Saturday Night Moment of Zen

LA skyline near Dodger Stadium/Four Square Church.


I really am enjoying what this little camera can do. The shot above is zoomed (42mm), the one below is not. Love how it captured the lights. As I scanned through the multiple shots, the detail is such that the traffic lights move forward down the road. The random white dots in the sky are planes heading into LAX. Click photos to embiggen and see them uncompressed.


Wait till you see the food shots from the dinner I cooked one night. I’ll post those, hopefully, tomorrow.

Until then…


Aquaponics How-To

Shamelessly stolen from Balloon-Juice. Every Sunday morning, Anne Laurie, who cross-posts my Friday Recipe Exchanges, hosts a Sunday Morning Garden Chat and today she featured commenter MB’s aquaponics garden and I was so fascinated by it, I wanted to share it. So with apologies to John Cole (hey, you get like a million hits a day anyway) I took the whole post and reposted it here:

First a thumbnail sketch of aquaponics (AQ) in general and as practiced in the above pictured greenhouse. AQ is the process of growing plants in water like hydroponics but the fertilizer is (mostly) provided by fish who live in the water used to flood the plants. It is, at it’s heart, a symbiotic relationship wherein the plants feed from the fishes’ effluent which cleans the water that is returned to the fish who then, frankly, shit in it again. Fish gotta do what fish gotta do. The good news is that fish poo is just about the best poo you can use for plant food.

My AQ setup is housed in a 12×40 greenhouse and is comprised of a 600 gallon fish tank containing ~200 fish, four 4×7 gravel planting beds and a sump which runs most of the length of the greenhouse. I use one pump to pump water into the fish tank and the dirty water from the tank runs by gravity to the four planting beds. You have to have at least a 1:1 ratio between the volume of your fish tank and the total volume of all planting beds. You can support up to a 1:2 ratio. I have a 1:1.33 ratio. I have a total of about 1200 gallons in the whole system. The water is used over and over again and only lost to the system through evaporation and plant use. It it generally thought that AQ uses 1/10th the water needed for traditional gardening. This was a big selling point for me as I hate paying water bills and watering plants.

aquaponics loop siphon

The water enters the bed relatively slowly but exits quickly through the use of a siphon (shown above) similar to the siphon used to evacuate your toilet bowl. The orange arrows in the above picture indicate the direction the water flows. When it reaches the top of that pvc gooseneck and begins to drain over, it kicks off the siphon. It takes nearly 30 minutes to fill the bed but less than 5 to empty it. This is important because it sucks oxygen into the root zone. This also helps clean the water as the gravel “polishes” it removing all solids which remain in the bed available to the plants. A lot of aquaponists use the bell siphon system but I found it to be very, very temperamental whereas the loop siphon works pretty consistently. The pvc piece in the upper right hand corner helps the siphon stop when the water level is low enough to suck air into the siphon.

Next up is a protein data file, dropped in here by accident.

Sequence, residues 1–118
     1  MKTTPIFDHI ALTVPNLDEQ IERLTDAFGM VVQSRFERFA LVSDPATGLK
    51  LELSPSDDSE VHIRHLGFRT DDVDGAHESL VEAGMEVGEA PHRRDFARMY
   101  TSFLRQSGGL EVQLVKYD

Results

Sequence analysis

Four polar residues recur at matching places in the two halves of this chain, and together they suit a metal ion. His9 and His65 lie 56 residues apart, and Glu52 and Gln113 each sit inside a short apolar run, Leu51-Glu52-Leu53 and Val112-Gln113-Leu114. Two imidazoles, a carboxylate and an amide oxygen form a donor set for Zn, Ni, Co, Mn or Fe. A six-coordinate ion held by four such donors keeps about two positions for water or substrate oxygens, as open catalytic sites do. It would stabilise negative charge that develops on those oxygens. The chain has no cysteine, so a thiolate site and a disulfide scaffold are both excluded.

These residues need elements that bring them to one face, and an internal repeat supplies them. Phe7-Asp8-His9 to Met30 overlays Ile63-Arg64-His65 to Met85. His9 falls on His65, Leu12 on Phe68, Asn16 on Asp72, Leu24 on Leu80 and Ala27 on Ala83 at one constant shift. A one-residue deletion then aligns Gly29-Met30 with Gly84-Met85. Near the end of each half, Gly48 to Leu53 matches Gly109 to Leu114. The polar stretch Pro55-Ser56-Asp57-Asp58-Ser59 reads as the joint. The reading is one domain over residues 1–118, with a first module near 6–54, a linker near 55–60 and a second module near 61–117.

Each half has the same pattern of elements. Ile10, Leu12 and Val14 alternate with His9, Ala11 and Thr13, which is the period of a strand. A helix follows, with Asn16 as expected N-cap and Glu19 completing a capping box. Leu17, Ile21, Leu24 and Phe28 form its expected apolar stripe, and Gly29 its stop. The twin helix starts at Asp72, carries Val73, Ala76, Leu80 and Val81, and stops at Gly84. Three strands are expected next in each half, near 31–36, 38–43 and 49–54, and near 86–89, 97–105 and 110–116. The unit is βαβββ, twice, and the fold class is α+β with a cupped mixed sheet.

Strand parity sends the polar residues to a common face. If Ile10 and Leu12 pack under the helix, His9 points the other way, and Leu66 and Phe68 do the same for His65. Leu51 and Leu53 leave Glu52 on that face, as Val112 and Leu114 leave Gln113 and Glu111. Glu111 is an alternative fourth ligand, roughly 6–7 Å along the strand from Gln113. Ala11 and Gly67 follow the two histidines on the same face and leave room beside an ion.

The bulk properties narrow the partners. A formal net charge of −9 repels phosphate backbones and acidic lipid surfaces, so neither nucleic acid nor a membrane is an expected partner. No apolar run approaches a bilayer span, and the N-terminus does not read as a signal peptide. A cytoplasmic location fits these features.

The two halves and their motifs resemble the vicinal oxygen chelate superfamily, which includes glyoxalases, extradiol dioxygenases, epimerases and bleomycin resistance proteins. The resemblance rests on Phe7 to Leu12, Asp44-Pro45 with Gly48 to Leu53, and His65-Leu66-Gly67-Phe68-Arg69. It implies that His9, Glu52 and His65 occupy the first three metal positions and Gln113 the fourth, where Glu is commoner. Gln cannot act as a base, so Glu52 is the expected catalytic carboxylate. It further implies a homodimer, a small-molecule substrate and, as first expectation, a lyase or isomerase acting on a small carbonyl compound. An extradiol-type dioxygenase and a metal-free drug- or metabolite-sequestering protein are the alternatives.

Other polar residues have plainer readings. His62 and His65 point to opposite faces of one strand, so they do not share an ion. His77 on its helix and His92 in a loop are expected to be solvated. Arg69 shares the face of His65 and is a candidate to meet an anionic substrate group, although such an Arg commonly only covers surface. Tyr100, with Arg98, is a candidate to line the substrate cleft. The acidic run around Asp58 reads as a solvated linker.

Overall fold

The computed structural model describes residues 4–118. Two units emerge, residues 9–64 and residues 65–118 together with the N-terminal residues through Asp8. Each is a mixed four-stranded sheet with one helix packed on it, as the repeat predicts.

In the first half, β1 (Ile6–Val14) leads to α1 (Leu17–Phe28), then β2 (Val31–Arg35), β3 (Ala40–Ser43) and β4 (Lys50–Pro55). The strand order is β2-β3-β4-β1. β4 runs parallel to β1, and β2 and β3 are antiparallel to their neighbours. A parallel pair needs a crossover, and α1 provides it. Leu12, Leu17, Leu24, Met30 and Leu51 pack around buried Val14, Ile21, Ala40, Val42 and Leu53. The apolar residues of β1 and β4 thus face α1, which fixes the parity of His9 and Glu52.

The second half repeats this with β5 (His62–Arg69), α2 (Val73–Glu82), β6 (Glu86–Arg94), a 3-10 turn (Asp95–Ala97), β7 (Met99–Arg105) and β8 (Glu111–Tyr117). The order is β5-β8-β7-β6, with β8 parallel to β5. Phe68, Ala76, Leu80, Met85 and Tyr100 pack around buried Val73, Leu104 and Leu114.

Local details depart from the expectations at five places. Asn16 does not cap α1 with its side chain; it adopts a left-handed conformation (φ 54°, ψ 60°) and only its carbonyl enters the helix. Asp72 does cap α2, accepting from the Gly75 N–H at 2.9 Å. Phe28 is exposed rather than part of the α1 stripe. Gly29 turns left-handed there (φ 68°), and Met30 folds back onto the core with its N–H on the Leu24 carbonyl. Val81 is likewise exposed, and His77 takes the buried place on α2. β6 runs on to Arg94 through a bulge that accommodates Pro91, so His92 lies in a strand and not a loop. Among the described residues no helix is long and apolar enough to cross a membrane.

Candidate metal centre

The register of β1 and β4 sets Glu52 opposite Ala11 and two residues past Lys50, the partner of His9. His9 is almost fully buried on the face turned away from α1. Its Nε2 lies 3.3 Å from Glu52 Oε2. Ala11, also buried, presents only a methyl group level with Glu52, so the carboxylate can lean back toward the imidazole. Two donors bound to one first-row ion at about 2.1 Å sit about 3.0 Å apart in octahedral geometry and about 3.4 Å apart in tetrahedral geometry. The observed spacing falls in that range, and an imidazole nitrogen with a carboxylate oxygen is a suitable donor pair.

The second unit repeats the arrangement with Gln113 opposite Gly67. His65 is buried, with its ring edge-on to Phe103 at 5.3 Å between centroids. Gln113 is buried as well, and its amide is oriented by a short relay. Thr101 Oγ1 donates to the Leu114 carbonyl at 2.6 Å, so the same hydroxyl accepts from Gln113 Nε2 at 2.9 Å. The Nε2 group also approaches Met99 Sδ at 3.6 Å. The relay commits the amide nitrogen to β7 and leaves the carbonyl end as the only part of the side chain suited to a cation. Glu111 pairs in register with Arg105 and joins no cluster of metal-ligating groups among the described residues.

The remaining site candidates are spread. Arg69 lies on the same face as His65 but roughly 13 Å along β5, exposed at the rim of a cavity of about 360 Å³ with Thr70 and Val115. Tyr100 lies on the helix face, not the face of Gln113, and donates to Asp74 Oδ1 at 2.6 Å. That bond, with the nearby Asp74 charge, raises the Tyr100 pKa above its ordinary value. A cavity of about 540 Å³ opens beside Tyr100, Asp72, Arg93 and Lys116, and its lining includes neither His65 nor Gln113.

Fish poo is unusual relative to other animal waste in that it is immediately suitable for use by plants without composting. Worms also like it and will populate any AQ bed and that serves to further break down any solids. Finally, of course, the system depends on the nitrogen cycle to clean the water of dangerous nitrites that would harm the fish. In fact, the first step in the setup of an AQ system is to get the nitrogen cycle started, usually using ammonia, before fish are introduced.

The cleaned water dumps into the sump where it is pumped back into the tank through a venturi nozzle that infuses the water with oxygen – good for fish and great for the plants. From the fishes’ perspective, the AQ system is a giant filter and the principles involved would be familiar to anyone who has ever kept an aquarium or done water gardening. However, the “filter” is overdesigned specifically so you can overcrowd your tank without endangering the health of the fish. You need a large number of fish in order to make enough fertilizer for heavy feeders like cabbage and tomatoes. If you use game fish in the system, they will mature and you can eat them. However, AQ should not be considered a way to raise fish for food because it will never supply enough fish to be more than a meal now and again.

aquapnics goldfish

I have a mix of catfish, goldfish and a few bream. If it were up to me, I’d only have goldfish. They are very tough fish where most game fish are more sensitive to water conditions. Also I like the pretty colors. The experts will tell you not to buy feeders because feeders aren’t well-bred. On the contrary, I have had very good results with feeders and they have 2 real benefits going for them:

  • they are cheap as hell – just about the cheapest fish you can buy; and
  • if you don’t buy them they’re going to end up as some other critters lunch. Probably some pampered 1%er living in some rich kid’s bedroom. (Occupy the fish bowl!) So I figure I’m getting some good karma off this and striking a blow for the oppressed.

That is pretty much the basics. There is, of course, much more to it and it is an ongoing learning experience for me. I’ve had fish in the system now for about a year and a half. The first year is really a shake down cruise though I did see some results and was generally pleased with the production.